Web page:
As these poems show, poetic thinking has to be more than a simple dressing up of cognitive, theoretical, or philosophical content. It is not about taking abstract ideas and putting them into the form of verse, and it is not simply about referring to the work of philosophers and thinkers; rather, poetic form just is part of how poetry thinks. And if form is essential to poetic thinking, it will mean that, unlike perhaps in philosophy, the same thought cannot be expressed in two different ways: rather, the thought and its expression are inextricable; there is no separating what one says from how one says it. Or put more strongly: what one says just is how one says it; the what and the how are the same. This is why a thinking poem demonstrates something that traditional philosophy can’t fully countenance: there is a thinking that happens not in but as language, a thinking that always takes place in a particular context of reading and/or performance. Poetic thinking, when it happens, happens as an event: in particular places, with and on particular bodies and minds. When it happens, it is a material encounter: an encounter with the unique cognitive capacities evoked by a writing that resists the philosophical ideal of transparency, and the distinctions between mind and matter, consciousness and embodiment, with which philosophy has defined itself. So another way of formulating this is: poetic thinking is a type of embodied cognition. There is a line from Peter Minter’s poem “Garden Estates” that sticks with me: “the head is awake in the heart.” This is a perfect motto of poetic thought, and I have found this awakening again and again in Hile’s poems. Here are the opening stanzas from “The Owl of Lascaux”: 

I imagine you chopping the head off eel
catfish blossoming from the underside of fir
trees tangling with the pneumatic branches of the law
wasted pornographic observations instilled as the capital of excess
profanation. The political task of your right to capitalism
remains slipping through the shadow

of, the potential for the transformation of a polity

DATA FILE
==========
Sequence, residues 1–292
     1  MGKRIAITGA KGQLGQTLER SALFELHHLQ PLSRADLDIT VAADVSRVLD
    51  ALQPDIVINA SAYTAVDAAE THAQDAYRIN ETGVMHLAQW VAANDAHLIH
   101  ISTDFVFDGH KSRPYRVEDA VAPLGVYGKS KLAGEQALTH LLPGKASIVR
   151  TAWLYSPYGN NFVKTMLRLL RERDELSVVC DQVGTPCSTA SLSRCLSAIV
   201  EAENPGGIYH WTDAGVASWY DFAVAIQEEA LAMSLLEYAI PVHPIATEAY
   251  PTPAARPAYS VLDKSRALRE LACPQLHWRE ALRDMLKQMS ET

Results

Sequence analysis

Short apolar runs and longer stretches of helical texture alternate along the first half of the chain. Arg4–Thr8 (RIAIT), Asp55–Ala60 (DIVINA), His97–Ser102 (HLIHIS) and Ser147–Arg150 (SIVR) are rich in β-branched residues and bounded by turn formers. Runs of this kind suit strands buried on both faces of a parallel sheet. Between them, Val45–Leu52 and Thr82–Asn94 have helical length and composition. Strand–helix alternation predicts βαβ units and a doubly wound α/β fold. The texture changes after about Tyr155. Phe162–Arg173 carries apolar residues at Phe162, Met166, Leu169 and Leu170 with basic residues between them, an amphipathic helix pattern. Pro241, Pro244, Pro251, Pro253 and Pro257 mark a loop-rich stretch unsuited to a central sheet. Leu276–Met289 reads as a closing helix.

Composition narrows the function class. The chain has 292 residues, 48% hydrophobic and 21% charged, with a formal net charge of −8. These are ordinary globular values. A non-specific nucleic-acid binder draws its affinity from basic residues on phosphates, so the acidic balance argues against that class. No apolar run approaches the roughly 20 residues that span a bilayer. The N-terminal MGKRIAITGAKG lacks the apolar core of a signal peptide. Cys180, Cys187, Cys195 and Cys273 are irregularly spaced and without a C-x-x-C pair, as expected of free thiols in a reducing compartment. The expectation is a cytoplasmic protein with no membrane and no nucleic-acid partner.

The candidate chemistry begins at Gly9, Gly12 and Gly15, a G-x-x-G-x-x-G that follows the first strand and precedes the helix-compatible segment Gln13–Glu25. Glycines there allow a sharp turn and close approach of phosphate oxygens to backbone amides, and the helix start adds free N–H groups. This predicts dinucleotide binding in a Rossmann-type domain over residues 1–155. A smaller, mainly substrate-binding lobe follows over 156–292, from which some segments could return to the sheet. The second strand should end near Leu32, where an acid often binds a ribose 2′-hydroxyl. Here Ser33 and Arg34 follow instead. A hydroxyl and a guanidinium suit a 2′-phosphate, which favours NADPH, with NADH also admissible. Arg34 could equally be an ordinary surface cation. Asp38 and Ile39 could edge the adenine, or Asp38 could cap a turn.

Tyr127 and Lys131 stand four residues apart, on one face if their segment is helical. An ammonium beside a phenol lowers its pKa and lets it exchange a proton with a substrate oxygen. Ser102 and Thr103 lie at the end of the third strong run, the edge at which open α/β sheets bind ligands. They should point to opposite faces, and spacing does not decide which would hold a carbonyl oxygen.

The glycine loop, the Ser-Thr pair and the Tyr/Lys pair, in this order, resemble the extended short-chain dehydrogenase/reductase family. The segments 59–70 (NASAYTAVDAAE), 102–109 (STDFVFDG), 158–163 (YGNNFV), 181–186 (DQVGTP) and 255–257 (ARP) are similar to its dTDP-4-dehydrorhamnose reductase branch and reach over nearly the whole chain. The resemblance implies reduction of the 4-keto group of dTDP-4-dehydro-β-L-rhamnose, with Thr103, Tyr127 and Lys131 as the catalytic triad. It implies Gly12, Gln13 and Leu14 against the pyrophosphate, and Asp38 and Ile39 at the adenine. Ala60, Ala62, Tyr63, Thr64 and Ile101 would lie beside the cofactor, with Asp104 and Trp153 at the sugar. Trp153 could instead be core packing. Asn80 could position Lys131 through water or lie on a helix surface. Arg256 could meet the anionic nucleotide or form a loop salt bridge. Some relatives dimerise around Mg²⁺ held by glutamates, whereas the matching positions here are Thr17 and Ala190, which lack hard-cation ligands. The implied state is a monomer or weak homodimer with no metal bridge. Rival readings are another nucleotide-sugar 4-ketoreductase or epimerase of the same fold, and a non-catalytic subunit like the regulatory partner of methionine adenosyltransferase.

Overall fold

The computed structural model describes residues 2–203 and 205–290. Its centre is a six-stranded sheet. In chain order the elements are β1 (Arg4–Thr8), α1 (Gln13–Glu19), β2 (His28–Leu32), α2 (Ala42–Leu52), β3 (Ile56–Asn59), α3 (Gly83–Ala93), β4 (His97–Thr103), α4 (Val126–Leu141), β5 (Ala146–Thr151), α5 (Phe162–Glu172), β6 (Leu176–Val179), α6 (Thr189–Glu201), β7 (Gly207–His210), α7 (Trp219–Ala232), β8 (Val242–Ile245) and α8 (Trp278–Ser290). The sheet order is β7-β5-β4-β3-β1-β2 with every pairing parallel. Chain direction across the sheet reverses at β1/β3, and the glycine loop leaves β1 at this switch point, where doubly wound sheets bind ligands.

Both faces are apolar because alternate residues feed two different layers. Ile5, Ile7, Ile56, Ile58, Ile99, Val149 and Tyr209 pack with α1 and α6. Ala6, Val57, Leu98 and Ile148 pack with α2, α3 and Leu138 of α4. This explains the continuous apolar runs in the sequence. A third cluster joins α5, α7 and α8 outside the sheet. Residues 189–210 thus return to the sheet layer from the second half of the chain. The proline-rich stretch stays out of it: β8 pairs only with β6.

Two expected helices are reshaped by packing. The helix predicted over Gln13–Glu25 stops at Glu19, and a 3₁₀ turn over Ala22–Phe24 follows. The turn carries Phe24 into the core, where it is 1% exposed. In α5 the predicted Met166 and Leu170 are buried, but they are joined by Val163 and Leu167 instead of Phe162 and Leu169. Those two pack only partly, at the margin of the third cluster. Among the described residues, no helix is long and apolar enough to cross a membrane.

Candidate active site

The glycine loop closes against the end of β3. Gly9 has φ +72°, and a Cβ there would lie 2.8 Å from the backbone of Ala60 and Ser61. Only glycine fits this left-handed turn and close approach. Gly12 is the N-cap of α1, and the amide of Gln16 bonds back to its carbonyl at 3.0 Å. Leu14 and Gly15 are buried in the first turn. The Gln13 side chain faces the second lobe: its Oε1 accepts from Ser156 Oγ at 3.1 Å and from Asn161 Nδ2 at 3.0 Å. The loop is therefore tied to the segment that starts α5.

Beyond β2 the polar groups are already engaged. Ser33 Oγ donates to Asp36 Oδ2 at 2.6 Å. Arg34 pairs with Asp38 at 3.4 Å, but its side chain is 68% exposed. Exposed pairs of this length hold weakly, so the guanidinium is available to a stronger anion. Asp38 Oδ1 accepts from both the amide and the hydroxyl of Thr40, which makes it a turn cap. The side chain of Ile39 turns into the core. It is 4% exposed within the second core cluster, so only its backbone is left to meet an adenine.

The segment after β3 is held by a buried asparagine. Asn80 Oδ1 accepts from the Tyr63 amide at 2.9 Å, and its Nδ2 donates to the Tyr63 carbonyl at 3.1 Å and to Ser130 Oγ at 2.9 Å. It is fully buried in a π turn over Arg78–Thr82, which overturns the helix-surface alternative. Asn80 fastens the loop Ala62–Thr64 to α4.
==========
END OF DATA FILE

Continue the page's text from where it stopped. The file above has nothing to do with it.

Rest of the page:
huddled like a worthless slave in the bed of speech.
Destitute poppies, my spoken limbs are available
for prophylactic conveyance. These poor hands,
they quiver thus: trouble my protrusions and turn
my paint to flesh. In lieu of actual declension

The cyclical head wants lopping, the imagination bears
the loss with patience, declares all allegiance to a merciless
conclusion sweeter than the listing of the earth’s difference
from itself. I gave you a book and you wrote in the back of the book:

Infiltrated by the idea of prose, barking like an owl …

It’s quite an astonishing poem. And there are a few things to be said about its references. Lascaux, obviously, names the French cave complex famous for its Upper Paleolithic art. There is an owl depicted in the caves, but I also wonder if Hile’s title may refer to the “Owl of Minerva” which — because it only spreads its wings at night — provided Hegel with a metaphor for how philosophy always misses its moment. The profanation of the first stanza is a nod to Italian philosopher Giorgio Agamben, who describes it as “the political task of the coming generation,”[7] a phrase Hile cheekily changes into “The political task of your right to capitalism.” The “idea of prose” mentioned in the fourth stanza is another borrowing from Agamben.[8] Later in the poem we get a series of references to Daniel Paul Schreber, the German judge whose memoirs of psychosis were hugely important for Freud.[9] “The cyclical head” sounds like an allusion to John Forbes.